The 3-ring binder
I have previously described the pocket notebook, and as the field notes can be taken on just about anything, I will go directly to the actual field journal now. I use a 5.5 inch by 8.5 inch 3-ring binder. They are readily available at your local office supply store which generally carries paper this size also. In fact, I have found that I can get both plain unlined paper as well as college ruled paper at my local Staples. The Avery Mini Binder with a 1” binding holds up to 200 sheets of paper and can be purchased for about $10 at Target or Staples.
When transferring field notes to your journal and using the Grinnell Method, create a 1” margin on the left side and a 1” margin on top of each sheet of paper. Write your name (Last name) and year at the top left hand corner. Write the month and day just below that. Across the top margin, to the right of the left side margin, record location of observations. Be specific such as “Windy River Farm, Half Acre Field at 4th St. and Temescal Ave. Norco CA.” Label every page this way.
Record all of your observations in detail on the remaining 4.5”X 7.5” area. Write on only one side of the paper. Some sources suggest using the other side of the paper for sketches and pictures, however, I have found it simpler to use just one side for everything.
I have found it useful to underline species of plants and animals as I record them. I use a squiggly line when recording the common names of plants and animals and a straight line when recording scientific names of species. This process helps when returning to the journal later. For my feeble mind, it also helps me describe a bigger picture of the scene I am observing while still focusing on the details.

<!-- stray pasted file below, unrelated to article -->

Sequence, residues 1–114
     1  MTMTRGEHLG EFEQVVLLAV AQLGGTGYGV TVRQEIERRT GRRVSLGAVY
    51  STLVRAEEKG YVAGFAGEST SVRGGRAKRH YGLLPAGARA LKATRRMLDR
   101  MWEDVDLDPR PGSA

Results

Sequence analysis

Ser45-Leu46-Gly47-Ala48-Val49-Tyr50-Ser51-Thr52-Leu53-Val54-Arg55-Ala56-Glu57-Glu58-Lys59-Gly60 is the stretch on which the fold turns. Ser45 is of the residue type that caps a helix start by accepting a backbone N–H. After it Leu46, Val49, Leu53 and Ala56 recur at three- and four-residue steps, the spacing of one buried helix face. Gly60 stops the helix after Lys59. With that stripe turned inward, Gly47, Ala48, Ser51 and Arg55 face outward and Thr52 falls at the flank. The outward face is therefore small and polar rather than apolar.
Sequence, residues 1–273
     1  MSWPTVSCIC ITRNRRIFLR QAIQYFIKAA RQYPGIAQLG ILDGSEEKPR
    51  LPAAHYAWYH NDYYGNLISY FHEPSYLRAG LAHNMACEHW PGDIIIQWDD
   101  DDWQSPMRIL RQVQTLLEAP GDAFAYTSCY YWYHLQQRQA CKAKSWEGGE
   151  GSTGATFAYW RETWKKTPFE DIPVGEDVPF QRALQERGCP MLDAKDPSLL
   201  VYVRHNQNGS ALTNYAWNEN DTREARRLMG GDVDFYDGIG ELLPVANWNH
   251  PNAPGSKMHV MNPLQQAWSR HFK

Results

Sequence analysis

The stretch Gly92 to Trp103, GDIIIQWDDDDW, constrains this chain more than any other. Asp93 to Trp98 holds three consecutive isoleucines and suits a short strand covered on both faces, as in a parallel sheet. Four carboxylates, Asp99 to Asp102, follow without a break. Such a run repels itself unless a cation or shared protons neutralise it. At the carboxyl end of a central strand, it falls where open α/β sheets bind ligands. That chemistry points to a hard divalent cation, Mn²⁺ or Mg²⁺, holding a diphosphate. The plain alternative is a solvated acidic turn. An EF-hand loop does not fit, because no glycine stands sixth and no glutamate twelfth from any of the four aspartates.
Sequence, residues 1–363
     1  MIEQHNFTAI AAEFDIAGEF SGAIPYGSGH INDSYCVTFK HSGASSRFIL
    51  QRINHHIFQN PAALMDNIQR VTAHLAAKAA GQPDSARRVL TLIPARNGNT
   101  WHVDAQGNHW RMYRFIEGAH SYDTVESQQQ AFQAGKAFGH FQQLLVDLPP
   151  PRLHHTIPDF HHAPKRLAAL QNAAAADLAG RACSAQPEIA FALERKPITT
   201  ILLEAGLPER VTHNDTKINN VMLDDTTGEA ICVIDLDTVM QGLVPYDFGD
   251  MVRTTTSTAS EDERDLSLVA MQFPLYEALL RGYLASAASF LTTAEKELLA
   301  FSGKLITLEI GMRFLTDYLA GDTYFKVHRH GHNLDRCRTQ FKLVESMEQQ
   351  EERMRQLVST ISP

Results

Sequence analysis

I also find it useful to record weather observations, times of day observations were made and activities going on at the site that day. I also record all of the tasks I completed or attempted that day. In other words, I try to paint as complete a picture of the world in my view at that moment as I can. Combining records of the natural phenomena with my actions and interferences, provides a more useful and holistic picture of my farms world.
Over time, the relationships between plants, animals, weather, people, seasons, bugs, and soil begin to tell a story. The practice of Natural History is learning to read that story as it unfolds in front of you.